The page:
A package arrives with material from the "What are Universities for?" conference, sponsored by Glaxo and The THES. I fight a rising wave of panic. Almost all the participants are vice chancellors, principals, directors of companies and so on. In among all the professors there is a sprinkling of others, including me, with places sponsored by The THES. I can cope with vice chancellors one at a time - job interviews, committees, that moment when they shake your hand and give you a degree - but lots? (What is the collective noun for vice chancellors and principals?) I am supposed to be finishing a lecture on metaphor and writing a conference paper and clearing up some admin, but I am obsessed with repairing the vacuum cleaner.
Awake from a distressing dream in which a broken vacuum cleaner is sucking up a lecture hall full of students who are unable to tell the difference between synecdoches and metonyms. Metaphorically of course. Teaching all day.
The conference is held at Cumberland Lodge in Windsor Great Park. The building is a palace to me and the staff extraordinarily helpful. I try to blend into the background and pick up what is going on as the participants greet each other (a self-assurance of vice chancellors?). The conference is under Chatham House rules, which forbid the attribution of anything without specific approval.
I find myself on a very steep learning curve. Acronyms: CPD, SMEs and TLTP are new to me: continuous professional development, small and medium enterprises; I never got to the bottom of TLTP. Diagrams: S, C, B and P on the Dearing qualification framework diagram - single, combined and broad range of subjects, P for professional qualifications. Capital availability structures. The dual support scheme. The funding gap (Pounds 565 million in 1999-2000, says Dearing) that is a lot of new vacuum cleaners. Effective soundbites: can't learn, won't earn; lifelong learning; anarchy masquerading as autonomy; quality not the same as standards. Ideas: distributed education systems; multiple entry and exit points (which sound like part of a Kay Scarpetta investigation), incubator units (another metaphor - no actual incubation goes on in them). Scholarship as distinct from research (obscurely laid out in Dearing 8.7, 11.61). Or not. It was a new world to me - to the magicians of the system used to the mysteries of the isle, it was all OH (old hat) (A disenchantment of vice chancellors, perhaps?).
I learn about the sort of nightmares vice chancellors have. For example, what happens when Bill Gates and the head of AT&T come together and offer an instant, wide access higher education system over the net? What - except certificates - can universities offer? What happens when the labs decay to such a point that they are no use at all? (An ongoing-funding-crisis of vice chancellors?) The conference really brings home to me again quite how central the sciences are for universities. Through research and from business the sciences contribute somewhere between 20 and 30 per cent of the income to the system, above and beyond the money from teaching. They also provide the inquiring minds and basic skills that employers need. Faced with the apparent impending crisis in this sector, I begin to feel the significance of C. P. Snow's accusation that most arts people do not know the Second Law of Thermodynamics, and shift guiltily. One of the many funding pie charts reveals that the arts and humanities can be described as a tiny green slice labelled "4% Misc.", among an array of biotechnology, chemistry, pharmaceuticals, new technologies and so on. Universities are "ideas factories". On the other hand, there seems to be agreement that universities are about "teaching bright people difficult subjects" and are to do with raising people's quality of life. The arts and the humanities are central in this. Moreover, higher education plays a very significant role in the culture industry.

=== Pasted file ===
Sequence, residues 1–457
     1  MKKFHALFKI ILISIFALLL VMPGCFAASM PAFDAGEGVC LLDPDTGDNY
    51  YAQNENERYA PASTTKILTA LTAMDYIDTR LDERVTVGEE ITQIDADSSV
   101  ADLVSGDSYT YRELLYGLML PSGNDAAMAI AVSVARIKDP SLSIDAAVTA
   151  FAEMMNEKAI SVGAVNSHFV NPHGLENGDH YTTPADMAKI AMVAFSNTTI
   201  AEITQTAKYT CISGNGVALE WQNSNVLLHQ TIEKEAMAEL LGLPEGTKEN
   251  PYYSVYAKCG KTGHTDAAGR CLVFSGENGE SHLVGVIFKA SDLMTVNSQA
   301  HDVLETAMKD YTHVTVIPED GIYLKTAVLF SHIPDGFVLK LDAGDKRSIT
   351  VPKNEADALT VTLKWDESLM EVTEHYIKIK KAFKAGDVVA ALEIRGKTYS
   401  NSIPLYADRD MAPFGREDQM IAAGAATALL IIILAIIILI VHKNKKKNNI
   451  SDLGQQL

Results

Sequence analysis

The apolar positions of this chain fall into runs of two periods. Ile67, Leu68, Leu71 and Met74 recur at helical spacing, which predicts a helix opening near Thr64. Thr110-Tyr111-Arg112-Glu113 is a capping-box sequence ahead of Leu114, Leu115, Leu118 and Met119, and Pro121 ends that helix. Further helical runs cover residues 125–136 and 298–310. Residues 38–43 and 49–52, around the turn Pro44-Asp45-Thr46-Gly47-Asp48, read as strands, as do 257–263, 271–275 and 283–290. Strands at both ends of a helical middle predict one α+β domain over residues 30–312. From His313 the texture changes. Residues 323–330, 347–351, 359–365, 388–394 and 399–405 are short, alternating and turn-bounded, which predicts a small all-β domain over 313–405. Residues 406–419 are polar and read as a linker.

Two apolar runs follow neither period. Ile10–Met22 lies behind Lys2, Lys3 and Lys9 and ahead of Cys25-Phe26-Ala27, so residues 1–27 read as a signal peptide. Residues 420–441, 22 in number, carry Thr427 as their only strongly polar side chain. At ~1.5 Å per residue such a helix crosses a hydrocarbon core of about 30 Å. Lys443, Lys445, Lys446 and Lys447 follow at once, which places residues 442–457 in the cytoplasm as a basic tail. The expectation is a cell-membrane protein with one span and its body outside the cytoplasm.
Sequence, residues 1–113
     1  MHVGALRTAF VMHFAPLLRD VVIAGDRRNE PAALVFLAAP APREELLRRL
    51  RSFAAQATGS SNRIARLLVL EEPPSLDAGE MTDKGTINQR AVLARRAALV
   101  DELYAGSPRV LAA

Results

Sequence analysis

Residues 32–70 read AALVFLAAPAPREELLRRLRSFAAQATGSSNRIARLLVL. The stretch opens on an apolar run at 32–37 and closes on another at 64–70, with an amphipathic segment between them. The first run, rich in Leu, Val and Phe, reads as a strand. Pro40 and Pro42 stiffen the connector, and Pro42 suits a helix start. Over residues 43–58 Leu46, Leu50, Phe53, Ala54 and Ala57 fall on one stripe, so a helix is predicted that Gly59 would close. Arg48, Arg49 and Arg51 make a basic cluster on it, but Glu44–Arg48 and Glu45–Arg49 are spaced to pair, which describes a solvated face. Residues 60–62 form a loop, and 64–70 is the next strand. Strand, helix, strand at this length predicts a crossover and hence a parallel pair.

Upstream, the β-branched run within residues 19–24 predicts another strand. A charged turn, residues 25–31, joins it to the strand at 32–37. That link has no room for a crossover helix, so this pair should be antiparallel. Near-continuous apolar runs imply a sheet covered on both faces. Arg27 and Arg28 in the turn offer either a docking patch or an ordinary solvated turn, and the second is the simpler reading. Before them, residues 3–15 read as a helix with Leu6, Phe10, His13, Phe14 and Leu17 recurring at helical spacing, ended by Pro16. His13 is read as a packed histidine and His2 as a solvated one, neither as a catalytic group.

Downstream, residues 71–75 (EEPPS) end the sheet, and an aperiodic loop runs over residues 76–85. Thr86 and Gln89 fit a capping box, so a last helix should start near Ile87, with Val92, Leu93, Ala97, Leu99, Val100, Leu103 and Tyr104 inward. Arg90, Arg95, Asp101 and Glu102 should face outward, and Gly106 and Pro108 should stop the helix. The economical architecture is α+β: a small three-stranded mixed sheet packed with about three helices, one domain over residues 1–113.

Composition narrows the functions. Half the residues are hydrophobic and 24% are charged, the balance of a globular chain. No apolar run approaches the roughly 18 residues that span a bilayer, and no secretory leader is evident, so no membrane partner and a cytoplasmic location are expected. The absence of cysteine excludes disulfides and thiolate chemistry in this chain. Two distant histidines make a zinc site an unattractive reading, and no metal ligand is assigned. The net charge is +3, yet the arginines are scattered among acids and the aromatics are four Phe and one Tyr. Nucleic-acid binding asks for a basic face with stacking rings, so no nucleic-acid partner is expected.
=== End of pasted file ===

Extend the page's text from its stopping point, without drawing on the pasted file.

Going home we delegates on the train back to London find ourselves abandoned in a siding outside Staines, having failed to change trains at the right time. What is this a metaphor for?
I attend an excellent conference at Middlesex University on the senses, art and European philosophy. Bright people, difficult subjects. This is surely part of what higher education is for.
I reflect on a phrase from a favourite essay that discusses the central importance, dignity and duty of the "community of the question". This community, despite being "very little - almost nothing" and always threatened by outside forces, has the responsibility of maintaining a constant interrogation of ideas, theories, authorities, systems. The universities are perhaps the most central part of this community. (An interrogation of vice chancellors, maybe?) The vacuum cleaner is still broken though.
Lecturer in 20th century literature at Royal Holloway, University of London.